In a tight job market, employees are more likely to question a workplace’s reputation, policies or benefits. Many will talk of “culture” when choosing an employer.
Those are the types of attributes that employees are asked about in surveys that lead to the Star Tribune’s Top Workplaces lists.
Nominations open on Jan. 7 for this year’s Top Workplaces, a partnership between the Star Tribune and Energage (formerly WorkplaceDynamics). For the past two years, Minnesota has had the most participation out of more than 40 Top Workplaces programs nationwide.
Anyone can give a nod to a company at startribune.com/nominate or by calling 612-605-3306. The nomination deadline is Feb. 23.
Last year, Energage surveyed more than 2.5 million employees, 69,192 of them in Minnesota.
To make the final list, a company must have 50 or more employees in Minnesota and allow Energage to conduct five-minute, 24-question surveys with its workers starting in January and running through March.
After the surveys were tallied last spring, 252 employers scored high enough to earn honors: the top 150 workplaces, ranked based on employee feedback scores and by size, plus 102 National Standard Setters, which exceeded a national benchmark but didn’t score high enough to crack the rankings.
A special section showcasing the 2018 Top Workplaces winners will be produced in June, and a luncheon will be held to honor them.
This is the ninth year that the Star Tribune has worked with Energage on the project. The surveys cover seven areas, including these organizational health factors that measure how well employees are working together toward a common cause:
Alignment: Where the company is headed, its values, cooperation.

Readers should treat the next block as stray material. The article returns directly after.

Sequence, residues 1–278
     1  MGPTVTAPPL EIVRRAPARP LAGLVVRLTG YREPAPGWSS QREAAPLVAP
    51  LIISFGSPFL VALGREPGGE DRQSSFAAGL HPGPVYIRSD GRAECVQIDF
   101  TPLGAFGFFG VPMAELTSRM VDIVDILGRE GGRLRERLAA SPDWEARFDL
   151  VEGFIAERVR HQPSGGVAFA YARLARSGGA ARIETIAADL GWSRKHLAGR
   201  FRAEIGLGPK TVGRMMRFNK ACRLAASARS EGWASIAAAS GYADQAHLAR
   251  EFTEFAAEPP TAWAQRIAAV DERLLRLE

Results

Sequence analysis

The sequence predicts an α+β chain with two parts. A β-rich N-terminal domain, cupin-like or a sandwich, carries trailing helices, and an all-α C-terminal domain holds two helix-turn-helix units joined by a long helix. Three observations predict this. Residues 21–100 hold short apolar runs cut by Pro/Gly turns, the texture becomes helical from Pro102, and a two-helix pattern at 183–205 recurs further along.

Effectiveness: Doing things well, sharing different viewpoints, encouraging new ideas.
Connection: Employees feel appreciated, their work is meaningful.
My manager: Cares about concerns, helps me learn and grow.
In addition, the survey asks employees about other factors:
Employee engagement: Loyalty, motivation and referral of the company to others.
Leader: Confidence in company leadership.
The basics: Pay, benefits, flexibility.
In 2017, Minnesota scored above the average on the survey for every factor except for retention. The score on that factor here was 1.9 percent below the nation’s average, which other surveys also have shown has to do with a tightening labor force.
One statistic that backs that up is the fact that satisfaction with pay is 5 percent above the national average — a sign of a more competitive market.
The market also was 3 percent or more above the national average for the absence of negativity in their workplace, the quality of communication and living up to set expectations.
As a whole, the 2017 Top Workplaces in Minnesota scored similarly to the previous year’s firms on the survey. That consistency is important, because surveys have shown that current workers are the best recruiting strategy for companies, especially in a tight economy.
For October, the Twin Cities tied with Nashville for the lowest unemployment rate in the nation at 2.3 percent. Also, the number of job vacancies rose 26 percent in Minnesota in the first half of 2017, surpassing the number of unemployed people in the state for the first time since 2001.
So it is not surprising that the Twin Cities metro area ranks high on lists ranking the best places to look for a job. This fall, Glassdoor ranked it 13th.
It was seventh on NerdWallet’s 2017 list, citing the unemployment rate of 3.1 percent leading into 2017, the median income of $48,249 and fairly competitive housing costs. Plus, NerdWallet considered the age of residents, citing the Twin Cities, where more than 20 percent of the population was between 20 and 29 years old.
The metro also grabbed the top spot on ZipRecruiter’s list, jumping seven spots from the company’s 2016 list.